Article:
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The Best Commodity Traders of All Time


Want to make money trading in hard assets? These five men showed the world how it's done.


Tudor Jones: The Tough Trader

Paul Tudor Jones started working on the trading floors as a clerk in 1976 before slowly making his way up to a broker for E.F. Hutton. After growing bored in these positions, Mr. Jones' cousin encouraged him to talk with commodity broker Eli Tullis who subsequently hired him to trade cotton futures on the New York Cotton Exchange, where he earned a tough-guy reputation.

In 1980, Mr. Jones founded the Tudor Investment Corporation, which was focused on global equity, venture capital, debt, currency markets, and commodity markets. While he got his start in commodities, Mr. Jones became famous for predicting Black Monday in 1987, where he reportedly tripled his firm's money thanks to some very large short positions in the market.

Tudor Investment Corporation has since evolved into a leading asset management firm focused on a wide array of asset classes. Mr. Jones himself has been ranked number 330 on the list of the world wealthiest people.

Jim Rogers: Well Rounded Commodities Trader

Jim Rogers is perhaps best known as the co-founder of the Quantum Fund with legendary currency trader George Soros. During its 10 years, the fund gained 4,200% compared to just 47% for the S&P 500 (INDEXSP:.INX). The Quantum Fund became famous in 1992 when the two bet the entire fund on a short sale of the British pound, forcing the Bank of England to devalue the pound.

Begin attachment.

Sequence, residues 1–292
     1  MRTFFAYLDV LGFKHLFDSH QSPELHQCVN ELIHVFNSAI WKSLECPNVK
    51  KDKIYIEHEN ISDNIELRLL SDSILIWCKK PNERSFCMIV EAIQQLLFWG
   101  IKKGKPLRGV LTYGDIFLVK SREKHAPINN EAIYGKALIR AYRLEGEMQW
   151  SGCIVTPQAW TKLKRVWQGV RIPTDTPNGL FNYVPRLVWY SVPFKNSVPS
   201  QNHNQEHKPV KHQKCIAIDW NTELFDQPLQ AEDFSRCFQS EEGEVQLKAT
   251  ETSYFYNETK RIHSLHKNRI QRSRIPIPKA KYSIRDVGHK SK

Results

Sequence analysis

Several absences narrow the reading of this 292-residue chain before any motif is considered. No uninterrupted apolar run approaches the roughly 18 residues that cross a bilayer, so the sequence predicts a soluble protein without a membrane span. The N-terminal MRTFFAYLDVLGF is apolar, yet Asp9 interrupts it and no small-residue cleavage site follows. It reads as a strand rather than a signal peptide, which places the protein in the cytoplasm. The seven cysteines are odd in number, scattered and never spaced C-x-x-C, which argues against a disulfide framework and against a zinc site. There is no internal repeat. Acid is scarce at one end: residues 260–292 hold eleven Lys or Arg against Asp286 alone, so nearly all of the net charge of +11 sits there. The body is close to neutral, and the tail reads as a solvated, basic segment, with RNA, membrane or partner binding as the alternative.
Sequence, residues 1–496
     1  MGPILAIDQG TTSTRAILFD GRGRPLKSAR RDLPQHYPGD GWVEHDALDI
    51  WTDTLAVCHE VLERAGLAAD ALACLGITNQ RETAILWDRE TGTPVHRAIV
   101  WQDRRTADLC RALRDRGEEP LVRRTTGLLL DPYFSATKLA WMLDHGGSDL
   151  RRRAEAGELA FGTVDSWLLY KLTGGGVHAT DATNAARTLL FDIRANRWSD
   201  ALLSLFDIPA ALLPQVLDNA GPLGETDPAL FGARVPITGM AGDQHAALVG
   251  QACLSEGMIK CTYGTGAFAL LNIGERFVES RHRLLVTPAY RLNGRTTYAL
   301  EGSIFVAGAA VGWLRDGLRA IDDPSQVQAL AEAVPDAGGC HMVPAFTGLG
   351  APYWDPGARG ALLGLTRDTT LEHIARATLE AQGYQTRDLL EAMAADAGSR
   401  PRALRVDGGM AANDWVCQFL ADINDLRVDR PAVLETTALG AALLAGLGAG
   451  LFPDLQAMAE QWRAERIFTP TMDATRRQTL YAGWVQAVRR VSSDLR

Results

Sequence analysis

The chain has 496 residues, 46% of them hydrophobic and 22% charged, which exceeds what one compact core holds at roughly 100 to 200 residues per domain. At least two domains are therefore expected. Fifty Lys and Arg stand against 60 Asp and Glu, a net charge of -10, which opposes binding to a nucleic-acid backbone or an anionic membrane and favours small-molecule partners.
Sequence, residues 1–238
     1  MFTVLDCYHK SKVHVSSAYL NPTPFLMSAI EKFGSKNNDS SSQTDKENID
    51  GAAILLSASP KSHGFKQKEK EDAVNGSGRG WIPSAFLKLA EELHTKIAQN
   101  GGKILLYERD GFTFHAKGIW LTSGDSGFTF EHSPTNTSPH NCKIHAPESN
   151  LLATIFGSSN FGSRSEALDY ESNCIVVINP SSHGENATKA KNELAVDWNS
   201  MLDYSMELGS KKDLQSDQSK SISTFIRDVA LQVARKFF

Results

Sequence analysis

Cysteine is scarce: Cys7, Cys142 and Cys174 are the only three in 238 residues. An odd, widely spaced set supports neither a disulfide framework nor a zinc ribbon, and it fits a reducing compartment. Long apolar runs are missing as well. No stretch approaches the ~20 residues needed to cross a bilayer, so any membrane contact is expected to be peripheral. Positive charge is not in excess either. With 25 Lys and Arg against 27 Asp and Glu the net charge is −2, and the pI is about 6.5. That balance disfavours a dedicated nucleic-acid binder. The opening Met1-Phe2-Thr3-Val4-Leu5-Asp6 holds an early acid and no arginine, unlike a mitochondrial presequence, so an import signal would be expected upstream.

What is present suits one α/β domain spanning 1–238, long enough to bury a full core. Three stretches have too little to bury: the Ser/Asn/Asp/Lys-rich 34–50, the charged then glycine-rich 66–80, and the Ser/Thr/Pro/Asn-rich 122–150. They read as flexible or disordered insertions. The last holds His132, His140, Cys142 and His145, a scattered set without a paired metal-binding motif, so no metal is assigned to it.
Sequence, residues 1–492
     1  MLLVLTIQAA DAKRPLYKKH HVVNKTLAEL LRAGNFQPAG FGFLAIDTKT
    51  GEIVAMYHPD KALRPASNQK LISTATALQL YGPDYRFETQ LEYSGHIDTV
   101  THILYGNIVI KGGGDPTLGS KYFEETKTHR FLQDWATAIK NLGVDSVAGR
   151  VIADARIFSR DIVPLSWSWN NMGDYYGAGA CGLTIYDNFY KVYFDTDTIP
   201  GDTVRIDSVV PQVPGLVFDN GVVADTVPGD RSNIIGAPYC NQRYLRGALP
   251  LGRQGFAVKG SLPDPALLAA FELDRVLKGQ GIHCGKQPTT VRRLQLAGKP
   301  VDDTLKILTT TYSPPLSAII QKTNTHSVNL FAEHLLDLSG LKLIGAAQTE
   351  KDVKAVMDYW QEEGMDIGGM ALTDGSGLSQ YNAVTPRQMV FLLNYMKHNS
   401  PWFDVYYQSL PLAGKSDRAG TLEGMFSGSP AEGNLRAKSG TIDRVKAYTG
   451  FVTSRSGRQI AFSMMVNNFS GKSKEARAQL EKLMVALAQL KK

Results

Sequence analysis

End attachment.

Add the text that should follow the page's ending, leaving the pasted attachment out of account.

In 1998, Mr. Rogers started his own commodity index fund that rose 165% by 2007 with $200 million invested. During that same year, he wrote a book, entitled Hot Commodities: How Anyone Can Invest Profitably in the World's Best Market, discussing his investment strategies and how to capitalize on the commodities markets.

While the commodities market has since cooled off, Mr. Rogers continues to be a regular guest on financial news programs, including Fox Business News and CNBC. He continues to believe that agriculture will become the next major commodity to see a dramatic rise, betting heavily on the sector during the latter part of 2012.

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Editor's note: This article by Justin Kuepper was originally published on Commodity HQ.
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